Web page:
“The monthly insert was created to give a voice to the many women who work in the Catholic Church and are unknown…we would like them to become known and above all, allow them to be heard,” Lucetta Scaraffia told CNA on April 7.
The professor of contemporary history at Rome's Sapienza University co-founded the L'Osservatore Romano's “Women, Church, World” insert in the summer of 2012, along with another laywoman, Italian journalist Ritanna Armeni.
Both women and men who are interested in women's issues write for the four-page insert, covering topics ranging from missionary efforts in developing nations to questions regarding women in government positions. In January of 2014, the insert began to include a page dedicated entirely to the “theology of women,” as a response to Pope Francis' call to develop this area.
“The goal of this monthly insert is that which involves women in the whole world. We search to broaden our collaborators and also to make inquiries and involve women who belong to the Church,” explained Scaraffia.
The global reach of the insert appears to be effective. “(From) outside of Italy we have received many letters, as well as proposals for collaboration – even from missionaries, from women coming from the rest of the world, and also from men writing to us with proposals for articles, asking or suggesting that we interview someone.”
One page of the insert always includes an interview with “a woman in the Catholic world whom we consider important,” noted Scaraffia. “This is not to say that she assumes a role of power,” but rather one “that has significance in the life of the Church.”
And what is the most significant issue for women in the Church today?
“I think that the most important issue for women who are in the Catholic Church is that of making themselves heard, of being heard,” Scaraffia said.
Despite the wide array of talents displayed by women in the Church, the professor of history feels that many members of the hierarchy have a long way to go in understanding how much women have to contribute. Thus she believes that it “serves the Church to listen to the words of women, the experience of women, the proposals of women.”
Scaraffia noted that recent popes have led the way in hearing the voices of women, both personally and sometimes on a more institutional level.
John Paul II is widely known for being the first Pope to dedicate a formal document to the consideration of women.
His apostolic exhortation, “Mulieris Dignitatem,” “revealed all the richness and potential richness of women in the life of the Church, and therefore recognized the necessity of their presence,” remarked Scaraffia.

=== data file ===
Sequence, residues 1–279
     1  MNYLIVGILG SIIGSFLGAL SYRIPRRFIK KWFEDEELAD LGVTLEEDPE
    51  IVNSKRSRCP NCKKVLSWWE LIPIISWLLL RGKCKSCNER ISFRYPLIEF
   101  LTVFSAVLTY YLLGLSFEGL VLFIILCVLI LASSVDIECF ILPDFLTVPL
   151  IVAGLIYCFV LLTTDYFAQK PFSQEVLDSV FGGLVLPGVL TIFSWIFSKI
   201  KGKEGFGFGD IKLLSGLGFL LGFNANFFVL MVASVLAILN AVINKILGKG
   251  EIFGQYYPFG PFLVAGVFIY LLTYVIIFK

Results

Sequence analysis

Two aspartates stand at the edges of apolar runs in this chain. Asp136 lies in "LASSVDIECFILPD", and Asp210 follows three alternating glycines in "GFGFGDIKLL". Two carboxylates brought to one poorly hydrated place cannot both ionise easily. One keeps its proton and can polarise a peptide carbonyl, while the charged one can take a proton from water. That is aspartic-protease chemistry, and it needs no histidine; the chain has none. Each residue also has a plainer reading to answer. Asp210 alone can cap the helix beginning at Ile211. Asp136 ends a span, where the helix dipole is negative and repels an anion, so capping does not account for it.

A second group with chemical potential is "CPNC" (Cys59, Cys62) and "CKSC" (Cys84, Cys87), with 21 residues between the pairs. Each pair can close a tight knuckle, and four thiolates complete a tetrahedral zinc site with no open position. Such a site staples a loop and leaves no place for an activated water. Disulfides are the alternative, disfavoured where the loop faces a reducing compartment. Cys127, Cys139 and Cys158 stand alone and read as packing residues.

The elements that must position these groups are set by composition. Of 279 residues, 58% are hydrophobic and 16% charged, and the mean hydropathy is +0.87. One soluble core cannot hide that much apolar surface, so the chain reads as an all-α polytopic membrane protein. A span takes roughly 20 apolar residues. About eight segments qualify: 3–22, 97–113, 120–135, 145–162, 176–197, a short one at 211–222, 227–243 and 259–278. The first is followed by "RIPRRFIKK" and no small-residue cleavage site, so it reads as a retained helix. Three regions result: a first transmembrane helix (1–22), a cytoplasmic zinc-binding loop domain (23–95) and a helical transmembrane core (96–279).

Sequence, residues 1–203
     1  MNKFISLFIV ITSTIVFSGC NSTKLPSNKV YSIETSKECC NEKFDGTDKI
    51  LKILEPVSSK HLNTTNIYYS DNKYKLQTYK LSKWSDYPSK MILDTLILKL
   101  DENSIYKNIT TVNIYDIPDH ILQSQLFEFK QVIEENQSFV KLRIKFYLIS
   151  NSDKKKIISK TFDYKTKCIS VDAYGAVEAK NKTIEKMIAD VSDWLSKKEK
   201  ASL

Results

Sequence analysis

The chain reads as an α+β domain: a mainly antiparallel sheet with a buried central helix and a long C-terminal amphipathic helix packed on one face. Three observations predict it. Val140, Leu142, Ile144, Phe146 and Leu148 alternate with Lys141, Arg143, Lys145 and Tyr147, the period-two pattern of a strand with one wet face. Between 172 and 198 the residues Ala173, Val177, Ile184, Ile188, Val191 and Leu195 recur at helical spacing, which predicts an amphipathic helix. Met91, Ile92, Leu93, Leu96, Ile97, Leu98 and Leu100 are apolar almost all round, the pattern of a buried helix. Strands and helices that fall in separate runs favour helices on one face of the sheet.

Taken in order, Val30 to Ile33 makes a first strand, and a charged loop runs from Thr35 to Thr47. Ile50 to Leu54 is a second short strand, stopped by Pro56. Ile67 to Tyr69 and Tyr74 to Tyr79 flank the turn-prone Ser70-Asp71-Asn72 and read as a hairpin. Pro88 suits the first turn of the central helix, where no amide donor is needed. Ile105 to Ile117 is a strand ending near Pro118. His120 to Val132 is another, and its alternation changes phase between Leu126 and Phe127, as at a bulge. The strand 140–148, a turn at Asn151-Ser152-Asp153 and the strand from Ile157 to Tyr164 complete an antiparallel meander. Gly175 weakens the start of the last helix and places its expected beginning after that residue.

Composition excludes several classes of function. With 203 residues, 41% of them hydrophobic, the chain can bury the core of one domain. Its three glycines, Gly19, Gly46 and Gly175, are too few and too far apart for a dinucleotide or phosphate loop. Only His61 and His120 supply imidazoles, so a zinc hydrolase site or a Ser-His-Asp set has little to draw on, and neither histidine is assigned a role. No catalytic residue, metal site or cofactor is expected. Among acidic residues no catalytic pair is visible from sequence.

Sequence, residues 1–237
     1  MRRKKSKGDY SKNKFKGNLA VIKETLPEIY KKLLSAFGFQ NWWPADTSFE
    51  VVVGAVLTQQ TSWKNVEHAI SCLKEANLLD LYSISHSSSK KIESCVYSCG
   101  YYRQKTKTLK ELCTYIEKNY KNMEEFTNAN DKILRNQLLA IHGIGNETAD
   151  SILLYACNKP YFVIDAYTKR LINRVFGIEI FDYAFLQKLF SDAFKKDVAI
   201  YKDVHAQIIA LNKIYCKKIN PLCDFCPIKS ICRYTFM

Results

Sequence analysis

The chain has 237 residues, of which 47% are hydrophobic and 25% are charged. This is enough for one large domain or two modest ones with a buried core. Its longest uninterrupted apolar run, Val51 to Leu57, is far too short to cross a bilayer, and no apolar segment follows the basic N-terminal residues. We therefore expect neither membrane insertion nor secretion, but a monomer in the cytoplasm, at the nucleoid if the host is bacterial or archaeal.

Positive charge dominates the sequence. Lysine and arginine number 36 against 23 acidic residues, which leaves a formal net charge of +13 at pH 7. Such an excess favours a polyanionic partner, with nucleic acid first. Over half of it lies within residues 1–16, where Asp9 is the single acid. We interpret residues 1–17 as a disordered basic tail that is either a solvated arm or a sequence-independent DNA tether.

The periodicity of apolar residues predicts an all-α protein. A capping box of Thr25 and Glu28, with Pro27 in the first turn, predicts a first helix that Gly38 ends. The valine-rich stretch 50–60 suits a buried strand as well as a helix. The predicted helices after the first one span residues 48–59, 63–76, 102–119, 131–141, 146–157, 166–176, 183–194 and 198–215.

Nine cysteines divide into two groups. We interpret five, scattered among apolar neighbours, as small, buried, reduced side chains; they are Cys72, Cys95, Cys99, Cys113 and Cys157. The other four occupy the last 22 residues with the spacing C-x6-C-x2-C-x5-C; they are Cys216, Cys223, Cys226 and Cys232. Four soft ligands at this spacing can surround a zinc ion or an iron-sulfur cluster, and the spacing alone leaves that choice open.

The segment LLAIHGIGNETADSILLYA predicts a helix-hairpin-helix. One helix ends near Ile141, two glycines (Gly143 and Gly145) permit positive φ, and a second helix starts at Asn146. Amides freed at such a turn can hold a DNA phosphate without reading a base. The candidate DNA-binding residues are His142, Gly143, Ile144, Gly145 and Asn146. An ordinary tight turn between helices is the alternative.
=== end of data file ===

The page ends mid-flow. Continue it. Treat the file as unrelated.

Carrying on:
She described “Mulieris Dignitatem” as “a document that gives the theoretical foundation for a catholic feminism to the women of today…a feminism in which women do not repudiate motherhood but assume it as an important value to defend and claim.”
John Paul II, who once referred to himself as “the feminist Pope,” had women collaborators. “He wasn’t afraid of women – he made friends with them, he knew them, he embraced them.”
The current Pope also displays a desire to have women visibly present in the Church, noted Scaraffia.
She referred to Pope Francis touching specifically on the problem of women experiencing being outside of decision-making roles. The Pope, she added, “has also said that frequently for women, service is confused with servitude.” Just a year into his pontificate, he has begun to appoint women to Vatican commissions which Scaraffia sees as a “very strong signal.”
But the women's insert in L'Osservatore Romano ultimately owes its existence to Francis' predecessor, retired pontiff Benedict XVI.
“Benedict XVI had a great esteem for women and he wanted women to assimilate themselves into the life of the Church. In fact it was he who asked the director of L’Osservatore Romano to make sure that women were written about” in the newspaper, Scaraffia recounted.
“I began to write thanks to Benedict XVI, and also ‘Women, Church, World’ was born thanks to Benedict XVI who had immediately agreed to do it – he was very happy to do so.”
The professor of contemporary history knew the retired pontiff personally and describes him as “a very sweet man, incredibly spiritual and he had an absolute and total respect in his relationships with women.”
Unlike some prelates who take on “a kind of paternalistic rapport” with women, as if they were “a little inferior,” Benedict XVI “rather, did not. He had a great respect for women, great gentleness.”
“He was an exquisite man and I have a great memory of him,” she concluded.
The co-founder of a monthly insert on women's issues in the Vatican newspaper says its pages offer a valuable platform for female perspectives in the Church.
Women in the Church, Catholic Women